These past months, I’ve been back at work with the people of Carnegie Hall’s Weill Program, performing community service which took us (Chris Washburne and the SYOTOS band) into a juvenile detention center in Brooklyn for another songwriting workshop. Although it was a completely different experience with a completely new set of challenges, once again, the resulting songs were pretty incredible, written by kids 12-16. We got to spend a good amount of time with these kids and it was as much a learning experience for us to live in their world and get to understand their situations as it was for them to learn about songwriting, collaboration and working with live musicians. It’s amazing what’s inside people who have no experience writing songs or music, once you can draw it out of them. I’d really like to credit Chris Washburne and Claudette Sierra for doing a great job under difficult circumstances.
Our director at the Weill Program is a wonderful man named Manuel, who happens to be from Zimbabwe and thanks to him, we just spent a week in Harare, Zimbabwe doing some of the same things we do in NYC, various community gigs and also playing the renown HIFA Festival on a Saturday night. What a great experience. Those of you who know me know about my love for Africa and African music so being able spend a week in Harare was a great opportunity and I would like to thank Manuel and everyone at the HIFA Festival.
Click on logo for Festival website
It took us three flights and 28 hours to get from NYC to our base in Harare at the hotel where most of the festival performers from all over the world were staying. The first face I saw in the lobby was Zerui Depina, a great musician from Cape Verde via Rhode Island along with my other Cape Verdean friends who were there playing with Maria de Barros. Tired as we may have been from our travels, we managed to make it to the festival ground the night of our arrival for some dinner and a look at the site.
Wednesday, we did a songwriting workshop with three local women at the Alliance Française in Harare and once again, got some really great songs out of it. That night, we were back for dinner on the festival grounds and I met Edgar, who makes beautiful mbiras and had a stand on the grounds that was a meeting place for locals to come sing and play Zimbabwean music on Edgar’s handmade instruments. I wound up spending time with Edgar during the week and we developed a good friendship. Across from Edgar’s stand was the Poet’s Café, which would become my regular spot for dinner where Zubaida cooked up the best traditional Zimbabwean food at the festival and was a great host for me and later, the rest of the guys. It was nice to see her and her partner at the show Saturday night. Thank you Zubaida, for your delicious food and warm welcome. My musical treat for the evening was seeing Maria de Barros and her great band in a really nice tent venue. She’s a wonderful singer and performer and I had a great time enjoying their show.
Thursday brought me to one of the most memorable experiences of my career, going to the prison in Harare to perform for the inmates. We were joined by a great young band from Amsterdam named The Handsome Poets, who we became big fans of. The prison was very old and not too far from the center of Harare. We entered the main yard where about 500 prisoners were sitting on the ground waiting for us. Most prisoners were dressed in old, long woolen shirts with broad red and whites stripes and some were wearing faded white. Our gear was set up along the back wall next to a few picnic tables for us, and about 20-30 chairs for the guards, prison and HIFA staff.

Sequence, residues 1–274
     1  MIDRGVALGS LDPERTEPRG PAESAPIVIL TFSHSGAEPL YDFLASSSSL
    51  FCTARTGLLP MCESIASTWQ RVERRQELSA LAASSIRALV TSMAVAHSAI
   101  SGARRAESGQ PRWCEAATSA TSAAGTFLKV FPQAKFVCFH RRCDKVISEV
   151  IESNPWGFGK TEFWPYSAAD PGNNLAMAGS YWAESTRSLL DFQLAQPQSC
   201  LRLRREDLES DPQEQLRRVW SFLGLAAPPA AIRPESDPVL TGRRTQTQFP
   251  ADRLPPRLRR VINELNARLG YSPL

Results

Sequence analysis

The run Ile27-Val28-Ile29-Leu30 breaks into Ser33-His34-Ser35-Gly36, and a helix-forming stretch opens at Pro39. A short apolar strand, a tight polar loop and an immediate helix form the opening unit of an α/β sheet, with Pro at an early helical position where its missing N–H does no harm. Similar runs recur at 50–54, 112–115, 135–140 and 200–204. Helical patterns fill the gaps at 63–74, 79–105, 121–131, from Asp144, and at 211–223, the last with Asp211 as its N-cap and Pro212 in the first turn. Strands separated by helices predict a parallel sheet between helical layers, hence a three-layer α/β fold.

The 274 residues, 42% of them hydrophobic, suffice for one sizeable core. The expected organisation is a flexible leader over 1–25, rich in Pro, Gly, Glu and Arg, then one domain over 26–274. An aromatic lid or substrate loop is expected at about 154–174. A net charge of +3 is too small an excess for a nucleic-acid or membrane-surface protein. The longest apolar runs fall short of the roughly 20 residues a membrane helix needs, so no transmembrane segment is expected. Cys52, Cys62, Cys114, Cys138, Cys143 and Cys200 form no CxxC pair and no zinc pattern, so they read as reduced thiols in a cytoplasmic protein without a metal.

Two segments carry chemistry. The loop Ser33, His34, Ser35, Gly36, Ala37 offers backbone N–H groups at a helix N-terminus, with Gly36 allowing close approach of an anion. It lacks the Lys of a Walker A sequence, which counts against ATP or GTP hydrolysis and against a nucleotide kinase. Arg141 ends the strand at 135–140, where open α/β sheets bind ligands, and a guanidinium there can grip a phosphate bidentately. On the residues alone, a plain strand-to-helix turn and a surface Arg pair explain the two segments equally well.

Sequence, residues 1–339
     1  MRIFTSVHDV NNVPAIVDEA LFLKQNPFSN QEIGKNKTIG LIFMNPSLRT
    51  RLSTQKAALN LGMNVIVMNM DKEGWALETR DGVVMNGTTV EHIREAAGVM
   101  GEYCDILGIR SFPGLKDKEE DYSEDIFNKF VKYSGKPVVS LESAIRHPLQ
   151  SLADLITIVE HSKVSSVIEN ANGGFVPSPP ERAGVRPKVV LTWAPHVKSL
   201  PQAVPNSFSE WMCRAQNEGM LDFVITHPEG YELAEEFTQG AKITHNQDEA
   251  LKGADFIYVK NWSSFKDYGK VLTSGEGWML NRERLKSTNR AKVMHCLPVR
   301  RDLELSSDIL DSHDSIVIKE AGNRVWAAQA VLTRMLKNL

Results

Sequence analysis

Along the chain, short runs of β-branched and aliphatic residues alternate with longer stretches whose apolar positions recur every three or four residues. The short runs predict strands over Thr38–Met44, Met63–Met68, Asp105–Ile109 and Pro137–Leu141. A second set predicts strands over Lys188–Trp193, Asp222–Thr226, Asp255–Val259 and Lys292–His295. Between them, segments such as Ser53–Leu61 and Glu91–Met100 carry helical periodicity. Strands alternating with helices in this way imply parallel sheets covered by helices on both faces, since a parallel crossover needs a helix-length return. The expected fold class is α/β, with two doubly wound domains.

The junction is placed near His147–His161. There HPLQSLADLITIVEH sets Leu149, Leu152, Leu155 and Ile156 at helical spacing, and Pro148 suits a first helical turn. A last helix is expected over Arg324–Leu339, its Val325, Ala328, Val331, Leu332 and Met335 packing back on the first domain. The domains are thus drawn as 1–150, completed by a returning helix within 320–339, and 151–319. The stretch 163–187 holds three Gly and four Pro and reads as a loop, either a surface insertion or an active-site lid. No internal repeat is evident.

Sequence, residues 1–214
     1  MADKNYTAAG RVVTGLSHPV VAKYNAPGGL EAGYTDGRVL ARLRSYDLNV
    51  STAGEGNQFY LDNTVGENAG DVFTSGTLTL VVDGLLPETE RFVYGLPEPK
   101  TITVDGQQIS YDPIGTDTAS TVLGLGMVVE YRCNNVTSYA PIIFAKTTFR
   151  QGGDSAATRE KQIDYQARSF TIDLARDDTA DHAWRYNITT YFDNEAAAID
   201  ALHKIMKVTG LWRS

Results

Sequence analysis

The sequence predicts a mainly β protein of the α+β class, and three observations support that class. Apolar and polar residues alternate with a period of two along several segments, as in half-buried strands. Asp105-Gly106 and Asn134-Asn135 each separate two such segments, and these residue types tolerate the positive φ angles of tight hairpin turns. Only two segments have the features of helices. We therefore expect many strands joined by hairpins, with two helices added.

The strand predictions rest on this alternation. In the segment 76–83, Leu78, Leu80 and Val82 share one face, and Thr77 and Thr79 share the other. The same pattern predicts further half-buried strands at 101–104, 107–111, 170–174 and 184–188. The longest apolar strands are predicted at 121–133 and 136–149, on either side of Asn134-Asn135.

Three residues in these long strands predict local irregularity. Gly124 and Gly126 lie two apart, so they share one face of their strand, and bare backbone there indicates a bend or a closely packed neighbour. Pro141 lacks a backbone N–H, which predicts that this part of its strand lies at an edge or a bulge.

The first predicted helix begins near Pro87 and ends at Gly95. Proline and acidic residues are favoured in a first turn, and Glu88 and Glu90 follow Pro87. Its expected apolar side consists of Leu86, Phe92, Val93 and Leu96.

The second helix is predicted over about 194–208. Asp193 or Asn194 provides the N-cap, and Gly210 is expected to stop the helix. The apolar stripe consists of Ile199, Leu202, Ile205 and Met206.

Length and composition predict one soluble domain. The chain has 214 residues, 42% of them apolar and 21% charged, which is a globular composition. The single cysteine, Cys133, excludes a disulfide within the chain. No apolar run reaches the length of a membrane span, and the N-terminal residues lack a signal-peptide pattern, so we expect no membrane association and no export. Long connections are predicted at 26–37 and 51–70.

There were three groups of prisoners dressed differently in nicer gym clothes. They were groups who were to perform for us, singing, dancing and playing percussion and they were all well rehearsed and sang beautifully. It was one of those experiences in music when even though you don’t understand the language being sung, you know it is an important and meaningful message being delivered from the heart. One of the performing groups of about eight guys had OBAMA written in big white letters down one side of their black gym pants. I think I can speak for the group when I say we were on the verge of tears listening to these guys. When it came time for us to play, the inmates were engaged and incredibly well behaved.
Claudette was incredible, heading right out into the field to sing and dance for the appreciative crowd. At one point, two guys were doing a choreography they had prepared and she joined them, to the delight of everyone. I was impressed by how interactive everyone was and nobody felt in any danger. None of the 20 -30 guards had guns at all and there was no watchtower like you see in the movies. It reminded me of the prison in the film “Papillon.” One thing that we did have that you see in movies was the obligatory group of prison drag queens, who were part of a comedy sketch that they performed at the end. We also had a streaker that caused a brief commotion near the end. That was momentarily unsettling because he was tackled by the other inmates, the only hint of violence all day.
The Handsome Poets followed us and I think they were a little unsure as to how they, a Dutch rock band, would be received by this particular crowd but they sounded great and the inmates loved them and showed it by singing along heartily and dancing. They were a huge hit and we loved them too, so much so that we all made sure to see their set that night on the main stage.
As previously expressed in my last (and first ever) post, the work with Carnegie Hall in the communities of NYC has been extremely rewarding and I’m glad that we could continue in that spirit in Zimbabwe.